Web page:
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This chart, provided by East Alabama Medical Center, shows the erratic local trend for reported COVID-19 infections.

COVID-19 infections are ticking up and hospitalization numbers remain steady, East Alabama Medical Center reported Tuesday.

“Previously, I mentioned that when we reopen the economy, it would be ideal if the young and healthy would do it first,” said Dr. Ricardo Maldonado, EAMC’s Infectious Diseases specialist. “That’s so that we avoid a sharp increase in hospitalizations of very sick patients that can often lead to respiratory failure and ICU usage.”

Maldonado says that he believes that could be how coronavirus is playing out in Lee County.

“If some of the young and healthy individuals can have the virus and recover without passing it on to people requiring hospitalization, then that actually helps our community build immunity to it — it’s a process called herd immunity,” he added.

Not over yet

Don’t mistake that as the beginning of the end, however. Maldonado said one person’s lack of symptoms means nothing for the people they are exposed to.

“If they are walking around without masks and thinking they don’t have COVID-19, then it puts the vulnerable population at risk,” he said. “This is especially true in grocery stores, which is a place that all age groups have to visit. The young and healthy — and really all age groups — need to understand that wearing a mask says ‘I care about protecting those at risk’ and not wearing one says just the opposite.”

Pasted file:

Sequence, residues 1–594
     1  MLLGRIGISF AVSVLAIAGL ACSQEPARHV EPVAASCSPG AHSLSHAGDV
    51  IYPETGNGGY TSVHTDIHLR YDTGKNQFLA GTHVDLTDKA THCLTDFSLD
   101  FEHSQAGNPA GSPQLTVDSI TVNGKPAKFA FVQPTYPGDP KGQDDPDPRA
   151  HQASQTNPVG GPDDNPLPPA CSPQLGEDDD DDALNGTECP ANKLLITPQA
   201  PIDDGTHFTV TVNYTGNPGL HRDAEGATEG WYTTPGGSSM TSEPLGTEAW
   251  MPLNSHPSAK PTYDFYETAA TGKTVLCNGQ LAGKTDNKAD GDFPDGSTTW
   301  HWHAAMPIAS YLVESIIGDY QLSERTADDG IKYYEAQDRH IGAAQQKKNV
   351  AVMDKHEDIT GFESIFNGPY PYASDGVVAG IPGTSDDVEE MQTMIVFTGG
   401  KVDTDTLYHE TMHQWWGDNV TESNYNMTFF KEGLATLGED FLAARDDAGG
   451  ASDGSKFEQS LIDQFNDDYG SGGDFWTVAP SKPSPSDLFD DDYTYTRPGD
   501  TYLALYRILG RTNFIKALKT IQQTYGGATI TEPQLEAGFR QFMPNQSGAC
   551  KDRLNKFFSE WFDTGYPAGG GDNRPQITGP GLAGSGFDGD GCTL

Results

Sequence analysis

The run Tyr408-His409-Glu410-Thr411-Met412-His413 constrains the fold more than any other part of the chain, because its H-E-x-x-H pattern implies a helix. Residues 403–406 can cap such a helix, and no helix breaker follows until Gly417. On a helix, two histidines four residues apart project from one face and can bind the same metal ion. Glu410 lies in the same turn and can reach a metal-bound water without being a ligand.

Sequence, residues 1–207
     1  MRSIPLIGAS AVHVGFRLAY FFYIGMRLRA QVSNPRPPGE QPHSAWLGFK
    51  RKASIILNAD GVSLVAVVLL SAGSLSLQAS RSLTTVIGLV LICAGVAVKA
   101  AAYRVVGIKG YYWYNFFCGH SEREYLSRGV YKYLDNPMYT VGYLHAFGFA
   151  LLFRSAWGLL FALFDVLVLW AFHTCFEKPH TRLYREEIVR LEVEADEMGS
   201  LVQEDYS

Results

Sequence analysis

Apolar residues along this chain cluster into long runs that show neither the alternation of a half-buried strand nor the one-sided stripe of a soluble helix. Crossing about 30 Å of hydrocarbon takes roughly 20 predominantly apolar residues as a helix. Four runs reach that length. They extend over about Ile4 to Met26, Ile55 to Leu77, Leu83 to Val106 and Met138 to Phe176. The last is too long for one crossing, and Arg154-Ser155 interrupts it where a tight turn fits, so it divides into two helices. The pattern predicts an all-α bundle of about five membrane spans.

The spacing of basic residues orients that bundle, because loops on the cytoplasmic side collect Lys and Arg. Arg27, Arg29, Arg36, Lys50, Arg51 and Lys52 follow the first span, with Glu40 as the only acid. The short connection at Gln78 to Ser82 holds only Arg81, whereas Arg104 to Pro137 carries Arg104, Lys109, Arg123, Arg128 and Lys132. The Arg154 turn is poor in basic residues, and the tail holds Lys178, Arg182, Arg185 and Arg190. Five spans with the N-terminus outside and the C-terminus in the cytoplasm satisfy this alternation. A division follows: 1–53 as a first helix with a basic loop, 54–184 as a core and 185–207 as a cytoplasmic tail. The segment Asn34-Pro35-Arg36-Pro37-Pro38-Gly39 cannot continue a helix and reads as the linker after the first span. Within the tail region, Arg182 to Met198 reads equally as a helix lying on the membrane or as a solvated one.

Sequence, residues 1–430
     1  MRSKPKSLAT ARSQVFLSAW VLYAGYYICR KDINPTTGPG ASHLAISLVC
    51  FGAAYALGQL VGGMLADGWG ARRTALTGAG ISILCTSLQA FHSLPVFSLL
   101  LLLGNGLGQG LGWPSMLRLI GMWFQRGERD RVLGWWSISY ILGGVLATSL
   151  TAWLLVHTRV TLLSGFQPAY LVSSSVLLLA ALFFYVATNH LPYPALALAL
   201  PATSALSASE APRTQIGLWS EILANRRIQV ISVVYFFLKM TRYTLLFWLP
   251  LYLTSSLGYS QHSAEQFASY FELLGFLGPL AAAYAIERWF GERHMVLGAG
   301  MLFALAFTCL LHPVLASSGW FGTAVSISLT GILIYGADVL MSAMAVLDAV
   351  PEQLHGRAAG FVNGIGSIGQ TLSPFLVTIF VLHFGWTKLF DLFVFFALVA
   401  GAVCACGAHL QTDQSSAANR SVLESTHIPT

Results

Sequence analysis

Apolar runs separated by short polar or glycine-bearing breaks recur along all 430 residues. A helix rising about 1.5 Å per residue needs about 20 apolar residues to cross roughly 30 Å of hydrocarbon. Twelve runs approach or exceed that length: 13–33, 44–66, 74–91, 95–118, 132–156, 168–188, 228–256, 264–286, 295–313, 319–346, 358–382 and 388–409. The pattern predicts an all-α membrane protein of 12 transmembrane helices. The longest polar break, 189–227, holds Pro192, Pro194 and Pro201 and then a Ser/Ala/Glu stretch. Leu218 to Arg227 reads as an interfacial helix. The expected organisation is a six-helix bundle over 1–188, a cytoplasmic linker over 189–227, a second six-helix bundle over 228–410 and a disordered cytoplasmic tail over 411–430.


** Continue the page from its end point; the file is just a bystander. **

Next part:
Maldonado expects that some of the new cases will ultimately lead to more hospitalizations, as the increase in infected people eventually spills over to the older, at-risk population.

“Plus, in the past couple of weeks, we are seeing healthier adults without comorbidities getting sick with COVID-19 and being admitted to EAMC, some of them quite sick,” Maldonado added. “I expect most of them to respond to medical therapy, but it is very telling that they got sick enough to be hospitalized.”

Increased testing

EAMC officials acknowledge that increased COVID-19 testing has driven up reported infections; however, the percentage of confirmed cases remains somewhat constant.

EAMC spokesman John Atkinson noted that during the week of April 12-18, a total of 9,064 people were tested statewide and 12.6 percent were positive. The most recent week available from state officials shows that 31,948 people were tested (the most in Alabama in one week so far) and 10.2 percent were positive.

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